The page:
Qantas homepage refresh

Qantas August 2015

The Qantas homepage was in need of some love, so I gave it a cosmetic facelift. This case study shows that visual design alone can have a huge impact on the UX of a web page.

qantas homepage refresh
The old Qantas homepage (2014)

The challenge

The Qantas homepage hadn’t been updated in a while and there were a bunch of known customer pain points which needed to be addressed. Our goal was to improve the user experience, modernise the aesthetic and increase conversions on flight bookings. The tricky part was that there wasn’t scope for a back-end rebuild, so we had to work with what was already there and change the front end into something new. The design didn’t need to be responsive as there is a separate mobile site.

Looking at the old homepage above, it’s clear that the goal was to fit everything above the fold. I suspect that it may have been a business or marketing requirement at the time. Somehow, the designer of the page managed to do it, which is actually pretty impressive. It must have been tricky as there are quite a few elements to fit on the page.

Because everything is above the fold, however, the page is quite busy and cluttered, making it difficult for users to find what they’re looking for. We used insights from analytics and user feedback on the old Qantas homepage to help inform the new design.

flight search design sketch
flight search design sketch

A modular approach

Since we needed to work with existing website elements, we decided to break things up into modules, prioritise them and sketch out ideas for each one and how they might be laid out on the page. We also came up with ideas for some simple new elements to improve the page. Here are the main modules:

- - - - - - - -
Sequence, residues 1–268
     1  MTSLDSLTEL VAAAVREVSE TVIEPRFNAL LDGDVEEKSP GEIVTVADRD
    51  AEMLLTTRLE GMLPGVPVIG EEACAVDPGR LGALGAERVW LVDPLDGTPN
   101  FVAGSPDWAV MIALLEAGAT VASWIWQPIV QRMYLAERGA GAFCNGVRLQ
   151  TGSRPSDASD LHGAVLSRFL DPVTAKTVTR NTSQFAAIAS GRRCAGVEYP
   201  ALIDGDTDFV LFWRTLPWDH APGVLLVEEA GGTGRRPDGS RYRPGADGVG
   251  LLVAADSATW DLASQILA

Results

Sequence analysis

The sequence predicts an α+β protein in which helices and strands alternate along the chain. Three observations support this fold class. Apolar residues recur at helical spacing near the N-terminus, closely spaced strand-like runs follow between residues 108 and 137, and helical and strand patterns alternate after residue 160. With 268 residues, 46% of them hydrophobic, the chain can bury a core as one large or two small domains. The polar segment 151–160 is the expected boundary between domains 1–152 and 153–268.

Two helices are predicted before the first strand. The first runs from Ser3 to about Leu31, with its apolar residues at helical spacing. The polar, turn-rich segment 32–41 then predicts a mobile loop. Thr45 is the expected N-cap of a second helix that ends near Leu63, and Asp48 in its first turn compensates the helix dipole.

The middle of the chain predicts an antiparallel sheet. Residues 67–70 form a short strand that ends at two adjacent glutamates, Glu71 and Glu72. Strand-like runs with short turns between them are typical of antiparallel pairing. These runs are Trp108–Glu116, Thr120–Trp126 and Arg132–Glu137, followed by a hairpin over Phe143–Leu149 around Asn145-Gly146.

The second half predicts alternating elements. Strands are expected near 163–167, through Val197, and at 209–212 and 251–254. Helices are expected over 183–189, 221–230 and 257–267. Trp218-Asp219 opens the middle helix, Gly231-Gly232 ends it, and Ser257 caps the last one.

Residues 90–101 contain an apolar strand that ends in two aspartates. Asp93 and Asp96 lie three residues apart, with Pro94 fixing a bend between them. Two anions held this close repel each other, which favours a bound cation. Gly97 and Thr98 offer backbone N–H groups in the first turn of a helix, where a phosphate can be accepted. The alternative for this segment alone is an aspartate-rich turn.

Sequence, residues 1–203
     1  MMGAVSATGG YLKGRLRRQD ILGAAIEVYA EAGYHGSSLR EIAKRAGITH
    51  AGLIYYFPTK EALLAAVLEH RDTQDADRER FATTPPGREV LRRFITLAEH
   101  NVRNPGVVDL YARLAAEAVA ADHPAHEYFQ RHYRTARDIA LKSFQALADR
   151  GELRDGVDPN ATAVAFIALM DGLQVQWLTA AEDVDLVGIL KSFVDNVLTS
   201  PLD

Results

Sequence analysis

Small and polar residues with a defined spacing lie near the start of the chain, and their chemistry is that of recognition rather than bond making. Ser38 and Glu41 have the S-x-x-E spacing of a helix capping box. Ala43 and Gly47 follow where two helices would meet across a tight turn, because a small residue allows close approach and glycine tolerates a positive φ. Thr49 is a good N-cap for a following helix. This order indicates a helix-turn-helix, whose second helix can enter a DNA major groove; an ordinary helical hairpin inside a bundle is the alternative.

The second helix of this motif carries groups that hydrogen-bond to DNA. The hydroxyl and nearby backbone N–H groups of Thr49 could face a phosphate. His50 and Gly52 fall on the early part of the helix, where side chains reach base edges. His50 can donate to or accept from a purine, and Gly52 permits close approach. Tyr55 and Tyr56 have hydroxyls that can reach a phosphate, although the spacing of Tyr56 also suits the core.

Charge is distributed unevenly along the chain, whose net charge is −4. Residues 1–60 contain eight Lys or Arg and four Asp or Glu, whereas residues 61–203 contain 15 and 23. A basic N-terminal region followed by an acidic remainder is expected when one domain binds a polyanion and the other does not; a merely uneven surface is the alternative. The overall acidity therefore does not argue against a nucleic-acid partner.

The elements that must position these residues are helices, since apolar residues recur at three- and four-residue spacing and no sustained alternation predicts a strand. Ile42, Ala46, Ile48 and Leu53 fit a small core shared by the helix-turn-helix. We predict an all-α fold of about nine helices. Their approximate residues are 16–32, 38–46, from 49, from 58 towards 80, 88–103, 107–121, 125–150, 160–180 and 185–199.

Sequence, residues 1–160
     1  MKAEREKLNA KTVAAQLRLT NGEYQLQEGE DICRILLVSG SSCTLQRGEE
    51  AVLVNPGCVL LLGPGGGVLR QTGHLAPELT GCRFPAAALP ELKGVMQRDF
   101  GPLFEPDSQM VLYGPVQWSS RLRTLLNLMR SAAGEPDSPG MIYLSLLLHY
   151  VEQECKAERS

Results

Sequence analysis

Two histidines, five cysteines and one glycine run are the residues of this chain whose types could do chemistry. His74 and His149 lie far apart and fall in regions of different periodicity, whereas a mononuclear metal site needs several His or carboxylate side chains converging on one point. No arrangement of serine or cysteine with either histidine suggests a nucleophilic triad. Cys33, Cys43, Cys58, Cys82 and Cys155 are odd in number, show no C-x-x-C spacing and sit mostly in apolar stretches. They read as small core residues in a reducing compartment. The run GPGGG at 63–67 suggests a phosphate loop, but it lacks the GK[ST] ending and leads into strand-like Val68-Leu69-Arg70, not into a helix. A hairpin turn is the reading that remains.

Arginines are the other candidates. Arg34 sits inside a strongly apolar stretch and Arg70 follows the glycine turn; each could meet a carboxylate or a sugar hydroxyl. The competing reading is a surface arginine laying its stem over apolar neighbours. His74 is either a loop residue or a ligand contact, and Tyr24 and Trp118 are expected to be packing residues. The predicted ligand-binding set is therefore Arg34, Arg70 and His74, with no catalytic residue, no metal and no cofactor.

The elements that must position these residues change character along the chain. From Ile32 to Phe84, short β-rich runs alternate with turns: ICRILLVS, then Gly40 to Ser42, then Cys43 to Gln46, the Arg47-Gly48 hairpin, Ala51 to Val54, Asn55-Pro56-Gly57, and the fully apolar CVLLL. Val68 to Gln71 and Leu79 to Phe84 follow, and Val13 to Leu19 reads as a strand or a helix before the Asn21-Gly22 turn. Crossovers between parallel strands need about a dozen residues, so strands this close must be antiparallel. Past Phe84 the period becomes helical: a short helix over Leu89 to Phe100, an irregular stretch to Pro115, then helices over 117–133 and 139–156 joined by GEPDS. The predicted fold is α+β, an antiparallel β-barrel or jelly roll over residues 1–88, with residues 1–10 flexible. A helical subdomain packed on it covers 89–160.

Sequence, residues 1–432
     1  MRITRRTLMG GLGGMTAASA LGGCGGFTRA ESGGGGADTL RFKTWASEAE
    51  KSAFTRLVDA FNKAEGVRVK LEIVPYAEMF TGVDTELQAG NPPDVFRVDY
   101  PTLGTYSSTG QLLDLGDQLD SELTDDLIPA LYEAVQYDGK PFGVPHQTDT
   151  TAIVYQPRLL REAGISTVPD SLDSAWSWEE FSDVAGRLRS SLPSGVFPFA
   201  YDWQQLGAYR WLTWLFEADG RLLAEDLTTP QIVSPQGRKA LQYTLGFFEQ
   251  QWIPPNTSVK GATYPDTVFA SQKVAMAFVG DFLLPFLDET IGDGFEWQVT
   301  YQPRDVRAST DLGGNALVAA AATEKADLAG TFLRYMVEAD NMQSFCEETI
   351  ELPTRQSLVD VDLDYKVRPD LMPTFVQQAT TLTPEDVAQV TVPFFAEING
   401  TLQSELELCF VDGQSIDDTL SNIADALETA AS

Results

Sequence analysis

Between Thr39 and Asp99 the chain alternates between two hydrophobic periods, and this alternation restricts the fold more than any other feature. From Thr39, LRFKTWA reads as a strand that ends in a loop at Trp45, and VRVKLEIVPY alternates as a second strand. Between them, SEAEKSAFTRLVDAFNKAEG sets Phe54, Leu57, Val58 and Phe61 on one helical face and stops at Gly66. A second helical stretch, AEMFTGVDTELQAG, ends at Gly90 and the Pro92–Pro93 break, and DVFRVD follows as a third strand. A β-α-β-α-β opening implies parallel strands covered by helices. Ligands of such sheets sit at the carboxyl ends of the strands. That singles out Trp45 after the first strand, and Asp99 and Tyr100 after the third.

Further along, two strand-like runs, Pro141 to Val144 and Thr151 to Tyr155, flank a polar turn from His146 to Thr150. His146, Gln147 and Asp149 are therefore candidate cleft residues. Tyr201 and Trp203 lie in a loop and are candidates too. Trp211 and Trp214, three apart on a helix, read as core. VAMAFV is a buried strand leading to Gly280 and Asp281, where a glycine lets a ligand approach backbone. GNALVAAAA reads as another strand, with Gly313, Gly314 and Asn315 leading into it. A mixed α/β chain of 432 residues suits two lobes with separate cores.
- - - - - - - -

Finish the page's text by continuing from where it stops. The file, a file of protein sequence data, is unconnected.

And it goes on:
• Flight booking form
  • Hero banner
  • Promotions panel
  • Frequent Flyer login form
  • Flight offers (new)
  • Destination guides (new)

When I sketch a new interface, I often like to draw components on paper and then cut them out and stick them onto a larger sheet of paper with Blu-Tack. Kind of like a UI jigsaw puzzle (as seen in the above sketches). It makes it easier to move things around and change certain parts of the interface without needing to re-sketch the rest of it repeatedly.

After blocking out the basic layout of the page we moved on to more detailed sketches of each module. I’ll go through the basic thought process behind each module design separately below.

old flight search form
new flight search form drop down
new flight search form

Flight booking form

Based on analytics and talking to customers, it was clear that most people who visited the Qantas homepage wanted to book a flight, so it was important that we made this as easy as possible. The old flight booking form (the vertically stacked form above) was placed in a prominent position on the page, but it looked quite complicated, which created friction for some users.

Keeping all existing form fields, we visually simplified the form by highlighting the main input fields (seen in the new horizontal form above). We optimised the form for the most common use case – a single adult taking a return flight. I usually prefer to use vertically stacked forms as they’re generally more efficient to fill out, but a horizontal arrangement fit better on this page layout and tested quite well.

old hero banner
hero banner sketches
new hero banner